“A Perfect Day For Bananafish” tells the story of Seymour Glass on a holiday in Florida with his wife Muriel. It is the only time that Seymour is the lead of a story. For the most part, we hear about him through others. So here we are with him. It’s a brutal story. Short, unforgiving, and mysterious. It opens with Seymour’s wife Muriel on the phone with her mother – Muriel is in the hotel room in Florida, painting her nails and smoking a cigarette. Muriel’s mother is beside herself with worry, and is obviously kind of obsessed with how weird Seymour is. He has a tattoo. There are vast swathes of stories behind her words – things left unexplained – Seymour said something inappropriate to “Grandma” when Grandma revealed her plans for her funeral … things like that. Seymour is unpredictable. It is worried over. He plays the piano in the hotel bar?? Has he done anything else wildly inappropriate? Does he call Muriel by that awful nickname? Muriel seems exasperated with her mother, and keeps trying to reassure her that everything is fine – but eventually it is revealed that Muriel spoke to a psychiatrist and his wife who are staying at the hotel – and yes, the bar was really loud so they had to shout … but there is something creepy about Muriel going behind her husband’s back like this. Muriel doesn’t seem like a bad sort, and it is refreshing how she treats her mother. Seymour’s nickname for Muriel is “Miss Spiritual Tramp of 1948” and Muriel thinks that is hysterical. So I like Muriel for that. But Muriel’s mother is absolutely horrified. Tramp?? What? Her daughter has obviously married a maniac. Muriel seems a bit more philosophical about her husband’s idiosyncracies – the fact that he wears his bathrobe on the beach, the fact that he gave her a book of poetry in German and told her she should learn the language in order to read it … You know, he’s not malevolent … but you definitely get the sense of forces larger than Seymour Glass trying to marginalize him or psychopathologize him. Who knows.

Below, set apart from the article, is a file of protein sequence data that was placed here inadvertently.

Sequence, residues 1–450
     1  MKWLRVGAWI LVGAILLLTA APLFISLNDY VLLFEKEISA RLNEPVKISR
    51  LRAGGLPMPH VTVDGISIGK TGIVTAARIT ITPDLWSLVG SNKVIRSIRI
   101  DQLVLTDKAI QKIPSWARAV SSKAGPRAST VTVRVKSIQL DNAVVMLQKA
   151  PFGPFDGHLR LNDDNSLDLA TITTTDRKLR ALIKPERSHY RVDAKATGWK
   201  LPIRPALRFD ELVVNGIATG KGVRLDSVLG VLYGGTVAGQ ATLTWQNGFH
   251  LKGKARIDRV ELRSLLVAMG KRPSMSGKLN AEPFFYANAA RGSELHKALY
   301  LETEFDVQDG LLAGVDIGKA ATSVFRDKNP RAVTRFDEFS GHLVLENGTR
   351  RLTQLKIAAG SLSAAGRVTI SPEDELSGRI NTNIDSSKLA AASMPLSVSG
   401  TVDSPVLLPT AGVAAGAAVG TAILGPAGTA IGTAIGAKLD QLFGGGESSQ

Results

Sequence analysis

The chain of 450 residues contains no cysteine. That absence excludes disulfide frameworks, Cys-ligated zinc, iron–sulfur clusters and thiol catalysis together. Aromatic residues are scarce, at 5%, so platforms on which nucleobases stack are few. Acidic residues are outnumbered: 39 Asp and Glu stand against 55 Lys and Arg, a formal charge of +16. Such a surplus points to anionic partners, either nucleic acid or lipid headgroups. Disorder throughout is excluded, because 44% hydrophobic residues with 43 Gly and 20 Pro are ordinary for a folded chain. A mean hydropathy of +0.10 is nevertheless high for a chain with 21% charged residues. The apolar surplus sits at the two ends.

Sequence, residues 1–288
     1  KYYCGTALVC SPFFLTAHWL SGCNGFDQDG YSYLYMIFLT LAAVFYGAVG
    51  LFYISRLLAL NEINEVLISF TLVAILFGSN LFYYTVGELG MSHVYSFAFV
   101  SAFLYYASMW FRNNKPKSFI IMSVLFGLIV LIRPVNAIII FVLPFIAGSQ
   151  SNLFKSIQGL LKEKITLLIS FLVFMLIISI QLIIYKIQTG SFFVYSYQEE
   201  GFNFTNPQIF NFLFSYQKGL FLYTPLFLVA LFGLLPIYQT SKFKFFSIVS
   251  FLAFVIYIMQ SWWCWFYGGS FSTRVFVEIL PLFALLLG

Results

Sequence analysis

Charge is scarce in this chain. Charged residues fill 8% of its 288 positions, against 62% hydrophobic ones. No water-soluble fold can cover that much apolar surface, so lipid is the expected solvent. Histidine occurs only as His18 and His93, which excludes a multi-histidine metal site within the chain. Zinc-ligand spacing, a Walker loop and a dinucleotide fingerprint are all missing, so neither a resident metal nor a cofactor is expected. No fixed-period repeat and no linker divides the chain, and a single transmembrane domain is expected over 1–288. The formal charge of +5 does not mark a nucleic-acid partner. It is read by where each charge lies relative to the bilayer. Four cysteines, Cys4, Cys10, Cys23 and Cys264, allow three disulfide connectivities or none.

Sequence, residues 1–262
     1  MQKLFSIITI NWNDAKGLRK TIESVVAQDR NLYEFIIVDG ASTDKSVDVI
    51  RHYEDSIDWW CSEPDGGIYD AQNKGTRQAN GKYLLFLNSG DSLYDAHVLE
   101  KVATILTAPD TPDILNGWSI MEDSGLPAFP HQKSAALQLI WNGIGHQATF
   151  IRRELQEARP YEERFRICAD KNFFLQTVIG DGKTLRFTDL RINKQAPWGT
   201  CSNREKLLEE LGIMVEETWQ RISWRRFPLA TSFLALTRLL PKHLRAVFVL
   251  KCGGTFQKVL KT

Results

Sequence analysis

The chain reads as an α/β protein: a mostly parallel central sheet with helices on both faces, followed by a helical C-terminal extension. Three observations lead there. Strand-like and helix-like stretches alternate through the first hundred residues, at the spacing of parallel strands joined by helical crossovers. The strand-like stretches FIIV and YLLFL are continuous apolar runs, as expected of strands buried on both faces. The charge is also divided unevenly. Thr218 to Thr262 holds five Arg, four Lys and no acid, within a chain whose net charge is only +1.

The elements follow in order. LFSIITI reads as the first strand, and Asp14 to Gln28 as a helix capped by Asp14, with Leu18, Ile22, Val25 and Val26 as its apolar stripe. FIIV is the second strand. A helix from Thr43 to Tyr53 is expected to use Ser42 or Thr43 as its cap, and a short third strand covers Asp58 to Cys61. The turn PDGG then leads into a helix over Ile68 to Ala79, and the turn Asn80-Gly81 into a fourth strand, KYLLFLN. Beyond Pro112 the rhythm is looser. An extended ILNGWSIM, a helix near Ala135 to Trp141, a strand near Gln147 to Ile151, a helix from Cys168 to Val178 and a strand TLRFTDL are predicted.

Next scene is on the beach. It’s shattering and I’ve read it a million times and I still can’t get to the bottom of it. Seymour lies on the beach. A little 4 year old girl named Sybil who is also on vacation with her parents has befriended Seymour (she calls him “See more glass”) – and they go swimming together, and Seymour tells her a story about bananafish, a tragic breed of fish who swim through a hole in a cave in order to eat the bananas there, and then they gorge themselves until they become so fat they can’t exit the cave again. They die. A rather grim story for a 4 year old, but you know … little kids can handle grim stories better than adults can. You ever read the actual Sleeping Beauty? That’s some scary shit. So Sybil, floating on the raft, starts to peer into the water for bananafish, and reports to Seymour that she saw one swim by and he had six bananas in his mouth!